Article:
The AI also has a preset limit for goods, above which they will hand out resources to an ally upon request. Some computer players will give all their goods they have, others may be stingy with it and only give food. They will however, they will transfer as many goods as possible if they are requested to send when they are under siege. This is understandable, as the ally can use up these resources to recruit more soldiers, thus increasing the chance of the ally being helped out.

As an ally, the AI itself will request goods from human players (AI players do not trade with each other), if a buying attempt of its fails. It will request twice the goods it attempted to buy, but it will not come up with another request until the previous one is not over.

Note: the AI players' requests can be ignored if one leaves all requests pending, since the AI does not care about these requests' urgency.

Unit managementEdit

The AI recruits units and tries to use them most effectively. It also has some tactics that it employs on the battlefield. It recruits units, which are preset for the following purposes:

  • Strike force: these troops are always recruited first and immediately and the AI will not stop until the entire strike force is standing. The strike force is sent out every time the AI's properties or units are under attack. They are also the best micromanaged groups of the AI.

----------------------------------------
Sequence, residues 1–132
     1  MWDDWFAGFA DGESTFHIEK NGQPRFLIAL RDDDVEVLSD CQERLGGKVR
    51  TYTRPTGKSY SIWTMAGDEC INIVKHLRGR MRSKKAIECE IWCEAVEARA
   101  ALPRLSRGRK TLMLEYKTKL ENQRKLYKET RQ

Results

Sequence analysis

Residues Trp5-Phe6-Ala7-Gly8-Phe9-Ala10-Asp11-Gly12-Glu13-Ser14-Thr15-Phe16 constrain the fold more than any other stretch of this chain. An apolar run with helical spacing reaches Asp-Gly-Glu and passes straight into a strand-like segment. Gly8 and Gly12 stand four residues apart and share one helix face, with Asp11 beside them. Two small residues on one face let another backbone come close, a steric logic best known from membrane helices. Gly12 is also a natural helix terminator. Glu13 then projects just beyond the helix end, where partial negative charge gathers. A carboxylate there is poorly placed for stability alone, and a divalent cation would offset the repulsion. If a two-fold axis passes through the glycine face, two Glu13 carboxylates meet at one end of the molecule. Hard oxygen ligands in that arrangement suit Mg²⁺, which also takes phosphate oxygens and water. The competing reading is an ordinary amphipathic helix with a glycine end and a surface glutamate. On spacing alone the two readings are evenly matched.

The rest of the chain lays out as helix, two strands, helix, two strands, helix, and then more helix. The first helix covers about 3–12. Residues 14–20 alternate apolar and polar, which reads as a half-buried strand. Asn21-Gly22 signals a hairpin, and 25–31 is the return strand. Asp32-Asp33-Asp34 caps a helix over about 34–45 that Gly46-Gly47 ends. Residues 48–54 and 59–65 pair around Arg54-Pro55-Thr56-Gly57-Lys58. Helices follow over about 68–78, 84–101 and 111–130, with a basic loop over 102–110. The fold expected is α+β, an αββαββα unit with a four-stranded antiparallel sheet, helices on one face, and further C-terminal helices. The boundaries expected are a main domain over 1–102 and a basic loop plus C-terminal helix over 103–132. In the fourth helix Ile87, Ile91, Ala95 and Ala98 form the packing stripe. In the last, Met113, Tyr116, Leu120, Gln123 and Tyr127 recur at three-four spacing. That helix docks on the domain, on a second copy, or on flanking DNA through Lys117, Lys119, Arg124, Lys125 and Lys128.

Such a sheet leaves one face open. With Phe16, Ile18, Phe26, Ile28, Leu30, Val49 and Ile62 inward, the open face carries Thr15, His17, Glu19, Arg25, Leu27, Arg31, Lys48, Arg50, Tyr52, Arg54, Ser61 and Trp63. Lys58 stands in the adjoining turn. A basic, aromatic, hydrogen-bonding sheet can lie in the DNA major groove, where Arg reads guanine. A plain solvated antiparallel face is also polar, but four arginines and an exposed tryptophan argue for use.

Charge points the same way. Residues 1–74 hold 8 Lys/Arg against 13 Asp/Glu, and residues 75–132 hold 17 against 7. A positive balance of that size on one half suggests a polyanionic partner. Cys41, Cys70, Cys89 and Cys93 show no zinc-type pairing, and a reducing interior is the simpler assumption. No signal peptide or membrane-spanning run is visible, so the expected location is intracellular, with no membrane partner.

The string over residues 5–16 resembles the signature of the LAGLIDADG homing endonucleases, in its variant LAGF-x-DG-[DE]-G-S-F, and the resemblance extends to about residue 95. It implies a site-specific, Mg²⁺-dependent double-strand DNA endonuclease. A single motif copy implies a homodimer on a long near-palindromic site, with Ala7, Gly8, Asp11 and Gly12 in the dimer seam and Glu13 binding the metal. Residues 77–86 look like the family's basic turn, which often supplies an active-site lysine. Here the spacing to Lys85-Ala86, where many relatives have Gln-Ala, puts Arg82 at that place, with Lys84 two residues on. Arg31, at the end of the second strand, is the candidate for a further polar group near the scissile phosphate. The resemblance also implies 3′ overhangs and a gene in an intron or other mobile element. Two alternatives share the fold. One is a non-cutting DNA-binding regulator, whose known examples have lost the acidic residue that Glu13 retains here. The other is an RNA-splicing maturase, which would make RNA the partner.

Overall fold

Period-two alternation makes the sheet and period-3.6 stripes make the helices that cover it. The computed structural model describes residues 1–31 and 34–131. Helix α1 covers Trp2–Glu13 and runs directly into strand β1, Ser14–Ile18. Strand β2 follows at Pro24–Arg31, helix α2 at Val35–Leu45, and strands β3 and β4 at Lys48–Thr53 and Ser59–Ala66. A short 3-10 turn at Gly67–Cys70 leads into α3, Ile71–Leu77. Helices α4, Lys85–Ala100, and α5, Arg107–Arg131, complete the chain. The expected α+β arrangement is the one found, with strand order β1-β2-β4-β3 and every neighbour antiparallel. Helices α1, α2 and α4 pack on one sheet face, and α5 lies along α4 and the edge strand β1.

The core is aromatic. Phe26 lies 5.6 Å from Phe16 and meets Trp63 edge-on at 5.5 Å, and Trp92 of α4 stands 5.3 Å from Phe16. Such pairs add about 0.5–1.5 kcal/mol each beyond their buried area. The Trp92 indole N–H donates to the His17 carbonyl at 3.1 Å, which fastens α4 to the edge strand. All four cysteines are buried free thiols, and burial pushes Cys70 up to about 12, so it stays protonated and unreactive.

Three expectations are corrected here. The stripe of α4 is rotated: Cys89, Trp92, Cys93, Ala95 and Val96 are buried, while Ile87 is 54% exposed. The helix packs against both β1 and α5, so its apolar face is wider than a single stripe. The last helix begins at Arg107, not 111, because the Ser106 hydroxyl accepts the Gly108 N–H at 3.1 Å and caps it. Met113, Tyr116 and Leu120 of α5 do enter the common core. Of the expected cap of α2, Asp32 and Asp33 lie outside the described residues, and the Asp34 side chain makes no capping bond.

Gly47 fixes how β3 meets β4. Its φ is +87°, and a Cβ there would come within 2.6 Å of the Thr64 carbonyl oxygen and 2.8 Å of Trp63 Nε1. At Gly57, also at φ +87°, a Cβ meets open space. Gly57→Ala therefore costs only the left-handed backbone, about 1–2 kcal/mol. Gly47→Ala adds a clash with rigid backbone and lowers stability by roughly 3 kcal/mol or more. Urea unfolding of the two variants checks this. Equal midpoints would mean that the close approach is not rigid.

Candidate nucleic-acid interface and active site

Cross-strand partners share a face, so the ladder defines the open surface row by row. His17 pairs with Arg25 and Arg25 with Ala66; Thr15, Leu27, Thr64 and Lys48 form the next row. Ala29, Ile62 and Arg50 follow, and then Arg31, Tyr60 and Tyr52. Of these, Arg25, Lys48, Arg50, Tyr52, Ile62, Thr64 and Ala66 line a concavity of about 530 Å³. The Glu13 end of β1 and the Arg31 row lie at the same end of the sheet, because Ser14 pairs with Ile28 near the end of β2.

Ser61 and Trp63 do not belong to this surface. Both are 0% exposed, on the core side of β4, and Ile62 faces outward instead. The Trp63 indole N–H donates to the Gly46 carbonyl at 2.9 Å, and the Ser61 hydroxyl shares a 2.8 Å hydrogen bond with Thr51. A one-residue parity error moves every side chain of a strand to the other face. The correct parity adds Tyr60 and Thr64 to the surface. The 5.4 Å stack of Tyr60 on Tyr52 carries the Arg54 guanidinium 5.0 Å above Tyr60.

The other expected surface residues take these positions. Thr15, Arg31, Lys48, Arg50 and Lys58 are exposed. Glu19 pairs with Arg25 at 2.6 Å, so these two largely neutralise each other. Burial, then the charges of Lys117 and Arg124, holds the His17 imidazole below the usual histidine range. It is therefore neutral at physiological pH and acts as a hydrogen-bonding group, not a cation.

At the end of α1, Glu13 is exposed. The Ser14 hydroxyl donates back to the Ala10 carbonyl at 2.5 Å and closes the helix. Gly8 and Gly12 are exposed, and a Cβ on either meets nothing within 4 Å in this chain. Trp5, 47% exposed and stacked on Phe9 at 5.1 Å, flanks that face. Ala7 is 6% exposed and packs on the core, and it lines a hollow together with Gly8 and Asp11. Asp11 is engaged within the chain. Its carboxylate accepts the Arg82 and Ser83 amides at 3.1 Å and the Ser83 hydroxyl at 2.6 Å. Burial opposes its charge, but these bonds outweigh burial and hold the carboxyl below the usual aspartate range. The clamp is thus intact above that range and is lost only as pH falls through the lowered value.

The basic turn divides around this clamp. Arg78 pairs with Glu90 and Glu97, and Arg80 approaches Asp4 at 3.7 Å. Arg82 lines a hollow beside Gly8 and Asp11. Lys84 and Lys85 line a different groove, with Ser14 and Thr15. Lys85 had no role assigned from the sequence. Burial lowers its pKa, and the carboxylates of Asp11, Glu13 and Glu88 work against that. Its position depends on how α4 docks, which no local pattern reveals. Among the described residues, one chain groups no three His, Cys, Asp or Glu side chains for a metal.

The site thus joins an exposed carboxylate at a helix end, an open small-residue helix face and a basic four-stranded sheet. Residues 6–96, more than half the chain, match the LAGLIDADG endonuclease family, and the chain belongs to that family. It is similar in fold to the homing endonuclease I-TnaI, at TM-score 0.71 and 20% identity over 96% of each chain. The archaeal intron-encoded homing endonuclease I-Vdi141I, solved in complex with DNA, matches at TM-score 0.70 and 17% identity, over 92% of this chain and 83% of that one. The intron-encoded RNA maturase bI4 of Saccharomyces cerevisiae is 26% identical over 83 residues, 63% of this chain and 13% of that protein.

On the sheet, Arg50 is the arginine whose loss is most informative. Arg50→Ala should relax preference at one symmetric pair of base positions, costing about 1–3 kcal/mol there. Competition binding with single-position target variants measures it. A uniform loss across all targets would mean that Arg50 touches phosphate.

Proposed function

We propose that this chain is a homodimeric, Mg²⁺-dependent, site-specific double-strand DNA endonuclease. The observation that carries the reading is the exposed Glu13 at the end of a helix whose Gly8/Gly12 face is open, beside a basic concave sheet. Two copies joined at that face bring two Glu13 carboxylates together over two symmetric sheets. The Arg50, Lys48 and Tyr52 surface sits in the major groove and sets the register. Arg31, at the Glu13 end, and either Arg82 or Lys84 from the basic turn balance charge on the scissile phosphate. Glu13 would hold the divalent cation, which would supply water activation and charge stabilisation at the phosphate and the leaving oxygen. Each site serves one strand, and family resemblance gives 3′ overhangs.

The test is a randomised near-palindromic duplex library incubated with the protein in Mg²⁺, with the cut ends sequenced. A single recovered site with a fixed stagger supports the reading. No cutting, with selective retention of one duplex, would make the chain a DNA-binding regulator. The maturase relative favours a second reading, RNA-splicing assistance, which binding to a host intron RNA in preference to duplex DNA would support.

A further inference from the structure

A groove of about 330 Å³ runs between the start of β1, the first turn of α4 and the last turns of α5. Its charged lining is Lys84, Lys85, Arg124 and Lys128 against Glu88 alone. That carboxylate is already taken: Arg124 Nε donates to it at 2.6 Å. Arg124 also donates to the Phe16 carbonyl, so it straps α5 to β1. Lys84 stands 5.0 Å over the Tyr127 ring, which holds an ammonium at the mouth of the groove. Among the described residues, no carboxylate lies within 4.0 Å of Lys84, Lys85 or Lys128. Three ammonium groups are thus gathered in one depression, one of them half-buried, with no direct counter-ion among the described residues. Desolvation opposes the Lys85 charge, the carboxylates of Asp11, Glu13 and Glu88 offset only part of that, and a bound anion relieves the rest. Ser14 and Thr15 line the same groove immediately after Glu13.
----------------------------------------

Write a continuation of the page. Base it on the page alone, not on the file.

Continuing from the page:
• Defensive troops: these units are randomly recruited and they are sent to preset locations. They are stationary troops and the AI replaces them if they fall. Siege and tower engines will autoattack, engaging every building and unit they catch within range. If foot soldiers do not have access to their defense points, they will wait on the keep until they can get there. Siege tents need a 3x3 tiles space to build on and they will not be sited if there is little space or the terrain prevents them from it (such as the terrain or buildings/vegetation occupy their space).
  • Raiders: the AI forms small groups of these troops. These units patrol friendly buildings until their master decides to send them out to take down random units/buildings. Knights, macemen and slaves prioritize key buildings, quarries, farms and mines. Advanced characters also create fire ballistae or catapults for harasses, every time they have 500+ gold.